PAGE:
Consolidated Notice on NCCIH Clinical Trials Policies

Notice Number: NOT-AT-20-001

Key Dates
Release Date: October 8, 2019

Related Announcements

NOT-AT-19-011

PAR-18-113

PA-18-141

PA-18-159

PA-18-322

PA-18-323

PA-18-937

PA-18-939

PA-18-943

PA-18-944

PA-18-945

PA-18-946

PA-19-053

PA-19-055

PA-19-056

PA-19-091

PA-19-092

PA-19-200

PA-19-201

Issued by
National Center for Complementary and Integrative Health (NCCIH)

Purpose

The purpose of this Notice is to inform applicants that NCCIH accepts only mechanistic clinical trials when applications are submitted using NIH Parent Announcements and Funding Opportunity Announcements (FOAs) listed in the “Related Announcements” section. Clinical trials that propose to test the safety or demonstrate efficacy or effectiveness of an intervention will only be accepted using the NCCIH-issued FOAs (PAR-18-662 or PAR-18-696). NOT-AT-19-011 previously identified that NCCIH only accepts Clinical Trial applications proposing mechanistic studies for the “Parent Research Project Grant (Parent R01 Clinical Trial Required)” (PA-19-055).This Notice reminds applicants of this continued policy and also extends the NCCIH clinical trials policy to FOAs that are Clinical Trial Required NCCIH FOAs for Mechanistic Studies; and Clinical Trials Optional NCCIH FOAs for Fundamental Science studies (PA-18-323, PAR-18-322, PAR-18-113).

NIH defines a clinical trial as “A research study in which one or more human subjects are prospectively assigned to one or more interventions (which may include placebo or other control) to evaluate the effects of those interventions on health-related biomedical or behavioral outcomes” (NOT-OD-15-015). NIH defines a mechanistic study (which can be a type of clinical trial) as: "A mechanistic study is designed to understand a biological or behavioral process, the pathophysiology of a disease, or the mechanism of action of an intervention."

NCCIH recognizes a difference between "clinical trials" that are designed to answer specific questions about the clinical effect of interventions and "mechanistic studies" that have the primary goal of understanding how an intervention works.

  • A clinical outcome study has the objective of determining the clinical safety, tolerability, feasibility, efficacy and/or effectiveness of pharmacologic, non-pharmacologic, behavioral, biologic, surgical, or device (invasive or non-invasive) interventions.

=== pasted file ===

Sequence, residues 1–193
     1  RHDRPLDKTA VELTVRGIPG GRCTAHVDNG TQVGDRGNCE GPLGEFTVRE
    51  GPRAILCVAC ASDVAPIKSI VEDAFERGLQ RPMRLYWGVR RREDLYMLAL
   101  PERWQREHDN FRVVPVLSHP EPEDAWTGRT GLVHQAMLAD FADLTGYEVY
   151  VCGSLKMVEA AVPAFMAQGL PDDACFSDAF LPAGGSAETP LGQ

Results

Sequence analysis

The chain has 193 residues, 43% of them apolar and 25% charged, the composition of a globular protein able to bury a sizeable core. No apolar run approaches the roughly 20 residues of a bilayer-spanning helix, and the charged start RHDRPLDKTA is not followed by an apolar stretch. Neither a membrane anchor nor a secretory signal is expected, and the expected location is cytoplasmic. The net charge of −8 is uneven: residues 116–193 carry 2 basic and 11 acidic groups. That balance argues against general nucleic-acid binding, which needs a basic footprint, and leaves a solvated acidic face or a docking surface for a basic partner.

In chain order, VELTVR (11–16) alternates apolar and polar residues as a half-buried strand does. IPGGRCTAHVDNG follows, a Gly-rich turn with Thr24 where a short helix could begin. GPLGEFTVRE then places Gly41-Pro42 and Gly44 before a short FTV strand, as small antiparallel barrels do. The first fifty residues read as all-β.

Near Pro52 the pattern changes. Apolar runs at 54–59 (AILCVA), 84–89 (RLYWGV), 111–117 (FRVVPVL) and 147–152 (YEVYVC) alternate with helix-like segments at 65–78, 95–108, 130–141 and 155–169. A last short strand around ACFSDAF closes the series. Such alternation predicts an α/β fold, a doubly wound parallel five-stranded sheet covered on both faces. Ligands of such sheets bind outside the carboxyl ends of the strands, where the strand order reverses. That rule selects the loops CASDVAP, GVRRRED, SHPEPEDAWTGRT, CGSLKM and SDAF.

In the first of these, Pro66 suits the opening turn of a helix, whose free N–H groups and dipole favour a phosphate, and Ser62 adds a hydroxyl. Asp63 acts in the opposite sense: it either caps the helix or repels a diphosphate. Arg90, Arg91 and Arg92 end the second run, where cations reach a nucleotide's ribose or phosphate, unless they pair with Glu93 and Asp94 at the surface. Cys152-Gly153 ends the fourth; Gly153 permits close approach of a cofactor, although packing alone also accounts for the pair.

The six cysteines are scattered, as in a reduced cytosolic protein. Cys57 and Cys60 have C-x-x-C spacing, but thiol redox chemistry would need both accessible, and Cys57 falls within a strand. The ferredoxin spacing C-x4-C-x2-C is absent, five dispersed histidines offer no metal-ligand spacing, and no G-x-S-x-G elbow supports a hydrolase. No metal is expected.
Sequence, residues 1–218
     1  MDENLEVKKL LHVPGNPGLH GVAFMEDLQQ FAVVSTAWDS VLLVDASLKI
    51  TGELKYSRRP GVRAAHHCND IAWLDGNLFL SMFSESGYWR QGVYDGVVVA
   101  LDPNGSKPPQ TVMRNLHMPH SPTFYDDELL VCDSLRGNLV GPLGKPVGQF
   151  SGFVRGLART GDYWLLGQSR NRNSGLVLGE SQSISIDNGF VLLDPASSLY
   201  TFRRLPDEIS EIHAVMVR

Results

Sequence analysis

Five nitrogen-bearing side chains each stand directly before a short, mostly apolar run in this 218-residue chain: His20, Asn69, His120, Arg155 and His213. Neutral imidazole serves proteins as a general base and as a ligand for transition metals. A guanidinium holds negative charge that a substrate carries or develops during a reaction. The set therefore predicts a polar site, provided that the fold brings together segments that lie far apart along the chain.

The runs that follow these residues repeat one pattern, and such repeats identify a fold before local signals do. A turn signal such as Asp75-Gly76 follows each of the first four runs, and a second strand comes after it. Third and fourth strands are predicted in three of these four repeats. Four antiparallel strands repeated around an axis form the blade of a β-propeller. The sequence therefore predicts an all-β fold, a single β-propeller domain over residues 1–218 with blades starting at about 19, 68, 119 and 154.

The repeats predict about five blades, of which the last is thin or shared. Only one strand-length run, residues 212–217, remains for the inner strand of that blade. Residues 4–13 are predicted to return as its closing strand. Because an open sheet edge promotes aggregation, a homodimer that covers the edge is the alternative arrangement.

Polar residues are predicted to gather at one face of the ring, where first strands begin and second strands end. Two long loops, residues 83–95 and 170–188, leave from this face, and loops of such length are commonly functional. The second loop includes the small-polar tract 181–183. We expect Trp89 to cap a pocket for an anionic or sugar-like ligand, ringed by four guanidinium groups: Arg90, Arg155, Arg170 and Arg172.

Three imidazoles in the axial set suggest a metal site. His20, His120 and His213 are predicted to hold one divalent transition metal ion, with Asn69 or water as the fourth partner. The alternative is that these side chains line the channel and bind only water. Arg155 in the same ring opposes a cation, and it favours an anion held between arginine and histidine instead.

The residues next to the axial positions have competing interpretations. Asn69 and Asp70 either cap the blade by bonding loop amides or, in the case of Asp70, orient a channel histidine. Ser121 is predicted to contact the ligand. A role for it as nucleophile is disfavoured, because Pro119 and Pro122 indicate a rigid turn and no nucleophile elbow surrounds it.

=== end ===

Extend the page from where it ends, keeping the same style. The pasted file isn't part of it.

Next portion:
• A mechanistic study has the objective to understand the mechanism(s) of action of an intervention, a biological or behavioral process, or the pathophysiology of a disease/condition.

Studies that are designed to test the safety or demonstrate the efficacy/effectiveness of an intervention should be submitted under the appropriate NCCIH Clinical Trial FOA. Please see NCCIH’s Clinical Trials Funding Opportunity Announcements web page for further information.

The following types of clinical trials are not intended to be supported by NCCIH under parent announcements or mechanistic clinical trial (optional or required) announcements:

  • Early-stage trials of complementary or integrative treatment approaches in humans that aim to test feasibility for a future efficacy or effectiveness study of clinical outcomes.
  • Studies to develop or conduct tests of the clinical efficacy/effectiveness of treatments (e.g. analysis of effect size and/or statistically significant difference on clinical outcomes).
  • Studies that have safety, clinical efficacy, clinical management, and/or implementation as its principle aim.

Examples of mechanistic clinical trials that are allowable under parent announcements include, but are not limited to:

  • Studies in which a manipulation (physiological or behavioral) is used to answer basic science questions about normal physiological function.
  • Studies to develop, validate, and/or apply novel measures of biochemical, physiological, and neural circuits contributing to healthy behaviors in humans as well as biomarkers of physiological processes.
  • Studies that use an experimental manipulation (e.g., natural product, mind and body intervention, or cognitive task activating a specific neural circuit) in order to understand normal functioning or the pathophysiology of a disorder, but do not aim to demonstrate efficacy on clinical outcomes.
  • Studies that involve the prospective use of complementary or integrative interventions (e.g., natural product, behavioral, mind and body intervention, other therapeutic approaches) with demonstrated efficacy, where the intent is to obtain biospecimens (e.g., blood, patient-derived induced pluripotent stem cells) to identify genetic risk associations, novel biomarkers, examine the disease process, or characterize mechanisms of therapeutic response.
  • Studies in which a complementary or integrative intervention with demonstrated efficacy for that population is being studied to understand mechanisms of response, non-response, or risk of adverse effects of the efficacious intervention.

NCCIH strongly encourages applicants to consult with NCCIH Program Officials prior to submitting an application with human subjects to determine which available FOA would best support the proposed research.

This Notice supersedes the prior NCCIH Policy Notice, NOT-AT-19-011, and applies to subsequent reissues of the Funding Opportunity Announcements mentioned above in the “Related Announcement” sections.

Inquiries

Please direct all inquiries to:

Wen G. Chen, MMSc, PhD
National Center for Complementary and Integrative Health (NCCIH)
Phone: 301-451-3989
Email: chenw@mail.nih.gov